(COLORADO SPRINGS) — On Friday morning, the Ovation Youth Orchestra put on an unforgettable performance for students and staff at the Colorado School for the Deaf and the Blind (CSDB).
“I’m thrilled,” CSDB Music Teacher, Julie Harrison, said. “I’m thrilled that the orchestra comes and visits our students at the Colorado School for the Deaf and the Blind. It is an honor and the students always love it.”
The Ovation Youth Orchestra is a part of the Colorado Springs Youth Symphony Association which consists of talented young musicians in Southern Colorado.
“We have musicians from eight to 18,” Music Director for Colorado Springs Youth Symphony Association, Gary Nicholson, said. “We have a variety of groups based upon age and experience. Everybody auditions to be in a group like this or top groups we have. This is our, The Ovation Orchestra that you heard today is our second-level group.”
Students were able to stand side-by-side with musicians and place their hands on the instrument to feel the beat and picture what the instrument looked like.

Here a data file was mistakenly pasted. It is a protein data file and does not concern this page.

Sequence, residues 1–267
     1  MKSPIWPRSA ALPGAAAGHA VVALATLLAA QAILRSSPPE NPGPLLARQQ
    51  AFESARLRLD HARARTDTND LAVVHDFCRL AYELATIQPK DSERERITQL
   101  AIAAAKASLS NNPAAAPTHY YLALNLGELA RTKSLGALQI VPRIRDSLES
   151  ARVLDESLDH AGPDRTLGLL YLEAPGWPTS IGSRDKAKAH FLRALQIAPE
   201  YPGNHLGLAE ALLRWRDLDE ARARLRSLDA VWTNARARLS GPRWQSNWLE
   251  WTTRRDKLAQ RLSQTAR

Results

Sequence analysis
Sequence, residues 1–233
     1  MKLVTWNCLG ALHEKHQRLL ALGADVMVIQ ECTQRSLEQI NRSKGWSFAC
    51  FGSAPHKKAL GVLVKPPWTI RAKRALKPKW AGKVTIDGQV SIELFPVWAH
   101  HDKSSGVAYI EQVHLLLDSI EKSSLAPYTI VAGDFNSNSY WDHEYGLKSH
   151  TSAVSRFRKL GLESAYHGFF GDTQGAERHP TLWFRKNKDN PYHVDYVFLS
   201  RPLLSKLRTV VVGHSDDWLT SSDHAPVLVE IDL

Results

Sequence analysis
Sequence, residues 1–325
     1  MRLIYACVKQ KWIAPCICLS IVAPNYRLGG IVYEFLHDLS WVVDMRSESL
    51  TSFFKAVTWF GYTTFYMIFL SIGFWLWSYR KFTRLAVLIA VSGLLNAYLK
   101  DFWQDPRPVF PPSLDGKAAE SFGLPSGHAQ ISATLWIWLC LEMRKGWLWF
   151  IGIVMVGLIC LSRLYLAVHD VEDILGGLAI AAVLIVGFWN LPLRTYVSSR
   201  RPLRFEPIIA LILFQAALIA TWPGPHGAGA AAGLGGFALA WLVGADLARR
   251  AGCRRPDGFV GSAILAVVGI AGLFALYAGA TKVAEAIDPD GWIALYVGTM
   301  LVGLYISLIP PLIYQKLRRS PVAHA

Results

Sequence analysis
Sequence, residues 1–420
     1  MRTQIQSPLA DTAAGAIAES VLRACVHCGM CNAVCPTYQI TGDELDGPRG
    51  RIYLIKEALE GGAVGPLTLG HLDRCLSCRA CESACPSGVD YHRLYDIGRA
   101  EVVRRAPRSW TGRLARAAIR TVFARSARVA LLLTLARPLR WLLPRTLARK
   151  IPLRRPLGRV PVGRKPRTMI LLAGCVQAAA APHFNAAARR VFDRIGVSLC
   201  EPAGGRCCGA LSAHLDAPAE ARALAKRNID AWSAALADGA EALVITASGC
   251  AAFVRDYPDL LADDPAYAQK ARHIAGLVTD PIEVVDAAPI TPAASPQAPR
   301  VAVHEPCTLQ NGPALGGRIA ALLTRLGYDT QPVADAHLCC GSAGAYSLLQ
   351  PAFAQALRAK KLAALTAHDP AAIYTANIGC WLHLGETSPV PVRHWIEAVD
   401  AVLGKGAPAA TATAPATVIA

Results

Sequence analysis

“I think what’s the greatest thing about this experience for our students is concept development,” Harrison said. “They’re able to go and touch and feel the instruments, feel the shape of the instruments, how the person plays the instruments.”
Seven-year-old Matthew Lohrenz touched the violin. When asked about the performance, he said, “it sounded pretty.”
Ashley Meggett, a member of the Ovation Youth Orchestra, shared this was her first time at CSDB and described how happy she was to play music for these students.
“And these kids, like their lives are so different from ours,” Meggett said. “But seeing that and like we can still share music as our medium, no matter like what your life looks like, we can still connect that way and it was so cool to see.”
When the first song played, big smiles filled several of the student’s faces showing the immense impact music has.
“They looked like they were enjoying it so much,” Meggett said. “And that’s just so rewarding as a musician to just see that people are like, enjoy your craft, and that just makes it all worth it.”
For students that could not hear, they were given balloons to be able to feel the vibrations of the music.
“I like to pass out balloons at these kinds of concerts for my students from the school for the deaf because it provides tactile access to the music,” Harrison said. “So, the balloons vibrate and so they’re not only using their auditory and visual sense, they also are incorporating their tactile sense.”
The performance allows CSDB students of all ages to experience the power and connection music holds.
“It’s so universal because you don’t need words, you don’t need script,” Meggett said. “It’s just sound and it’s so magical to watch it just all come together.”